Thanks for the guidelines - I will use 48 until I decide otherwise Smile

I have also started collecting small plastic containers (like water bottles and gallon milk jugs)to cover my plants inside my hoophouse for the really cold freezes to help the smaller plants out.

I think I need to check out Eliot Coleman too...

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Re: Winter Gardening Feedback, Please

Post  boffer on 1/31/2011, 10:34 pm

I've used a cold frame for five years now. The first year, on my way to work one morning, I guessed wrong about what the weather was going to be for the day. When I got home, all 18 squares were fried. When in doubt...vent!

I used to have a thermometer inside the cold frame. When it broke, I didn't replace it. If I get in my car, I have a good idea what the temp is inside the cold frame.

In my climate, if there is a chance of sun, I vent. On cloudy days, I don't.
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Re: Winter Gardening Feedback, Please

Post  Blackrose on 1/31/2011, 10:52 pm

@boffer wrote:In my climate, if there is a chance of sun, I vent. On cloudy days, I don't.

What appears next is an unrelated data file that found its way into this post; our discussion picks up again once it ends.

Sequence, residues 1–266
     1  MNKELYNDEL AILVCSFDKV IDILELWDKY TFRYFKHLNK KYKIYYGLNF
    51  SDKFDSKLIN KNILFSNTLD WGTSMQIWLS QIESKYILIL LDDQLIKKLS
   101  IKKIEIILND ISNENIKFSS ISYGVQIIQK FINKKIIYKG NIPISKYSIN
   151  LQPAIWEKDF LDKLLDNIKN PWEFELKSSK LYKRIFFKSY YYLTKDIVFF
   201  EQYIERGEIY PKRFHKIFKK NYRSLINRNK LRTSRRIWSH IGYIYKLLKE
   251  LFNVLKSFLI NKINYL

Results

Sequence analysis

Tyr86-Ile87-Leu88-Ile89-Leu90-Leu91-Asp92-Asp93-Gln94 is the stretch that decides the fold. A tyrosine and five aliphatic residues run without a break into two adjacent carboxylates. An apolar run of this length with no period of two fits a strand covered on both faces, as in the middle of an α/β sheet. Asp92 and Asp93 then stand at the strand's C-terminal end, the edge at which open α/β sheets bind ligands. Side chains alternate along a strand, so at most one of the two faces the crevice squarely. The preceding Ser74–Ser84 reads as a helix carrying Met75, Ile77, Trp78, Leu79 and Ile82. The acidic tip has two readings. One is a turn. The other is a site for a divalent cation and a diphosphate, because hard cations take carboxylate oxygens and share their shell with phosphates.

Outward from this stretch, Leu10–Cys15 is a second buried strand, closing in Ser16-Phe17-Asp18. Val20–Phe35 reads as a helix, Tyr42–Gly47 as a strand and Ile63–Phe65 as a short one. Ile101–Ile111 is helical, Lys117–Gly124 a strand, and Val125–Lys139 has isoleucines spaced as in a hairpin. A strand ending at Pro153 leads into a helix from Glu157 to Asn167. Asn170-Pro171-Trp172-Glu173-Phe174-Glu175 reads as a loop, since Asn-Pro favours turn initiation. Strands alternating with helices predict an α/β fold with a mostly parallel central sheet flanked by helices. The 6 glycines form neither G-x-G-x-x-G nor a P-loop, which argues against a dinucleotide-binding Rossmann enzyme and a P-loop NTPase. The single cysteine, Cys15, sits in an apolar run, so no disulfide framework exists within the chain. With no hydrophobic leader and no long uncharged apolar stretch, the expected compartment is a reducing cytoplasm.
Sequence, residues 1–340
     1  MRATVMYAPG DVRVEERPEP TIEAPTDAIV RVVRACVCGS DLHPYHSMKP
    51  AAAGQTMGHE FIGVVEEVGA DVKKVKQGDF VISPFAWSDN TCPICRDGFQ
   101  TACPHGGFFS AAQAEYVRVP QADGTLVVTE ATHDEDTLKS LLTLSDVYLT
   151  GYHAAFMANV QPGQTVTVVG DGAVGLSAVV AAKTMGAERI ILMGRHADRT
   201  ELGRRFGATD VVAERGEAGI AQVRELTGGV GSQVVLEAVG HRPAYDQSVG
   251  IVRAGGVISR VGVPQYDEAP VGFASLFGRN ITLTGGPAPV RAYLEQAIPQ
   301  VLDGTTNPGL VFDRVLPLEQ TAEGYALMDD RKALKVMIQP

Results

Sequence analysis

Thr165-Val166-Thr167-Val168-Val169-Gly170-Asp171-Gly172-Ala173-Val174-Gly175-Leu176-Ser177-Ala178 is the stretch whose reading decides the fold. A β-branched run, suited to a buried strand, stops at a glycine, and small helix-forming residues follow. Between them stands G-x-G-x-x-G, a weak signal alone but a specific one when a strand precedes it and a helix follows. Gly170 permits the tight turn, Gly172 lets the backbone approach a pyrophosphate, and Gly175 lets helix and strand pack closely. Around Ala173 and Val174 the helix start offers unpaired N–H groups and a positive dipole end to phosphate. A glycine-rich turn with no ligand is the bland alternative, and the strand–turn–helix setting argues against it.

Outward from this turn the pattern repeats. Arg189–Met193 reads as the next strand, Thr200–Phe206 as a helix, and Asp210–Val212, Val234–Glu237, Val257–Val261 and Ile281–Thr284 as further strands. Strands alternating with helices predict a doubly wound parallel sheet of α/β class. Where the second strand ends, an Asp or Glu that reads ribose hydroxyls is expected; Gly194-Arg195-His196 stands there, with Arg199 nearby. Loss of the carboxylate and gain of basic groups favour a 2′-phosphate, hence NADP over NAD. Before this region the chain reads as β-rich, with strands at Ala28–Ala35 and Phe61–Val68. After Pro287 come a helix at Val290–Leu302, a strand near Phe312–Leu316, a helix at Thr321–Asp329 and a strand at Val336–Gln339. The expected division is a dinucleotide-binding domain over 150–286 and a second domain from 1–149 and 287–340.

Sometimes simple is the best way to go. sunny
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Winter Gardening Feedback, Please

Post  happycamper on 2/1/2011, 12:14 am

Kiwirose, I attended two free gardening classes last fall offered by a couple that have been running a CSA for 20 years near Hillsboro, OR entitled "Cold Frames and Hoop Houses" and "Winterizing your Garden". They told attendees to vent at 50 degrees (zone 8 in Oregon). I chose 48 degrees so that I wouldn't bake everything (lol). I was fortunate enough to receive a list of their favorite winter crops that don't need protection and a list that "hate the rain" and do well with raised beds and hoops. (they used 6 mil plastic). They were big fans of Elliot Coleman, Seattle Tilth and Steve Soloman and provided them as references for those wanting to 4 season garden.

I agree with what Blackrose wrote, "when in doubt, vent!". Very Happy

Sorry, Boffer wrote it!
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Re: Winter Gardening Feedback, Please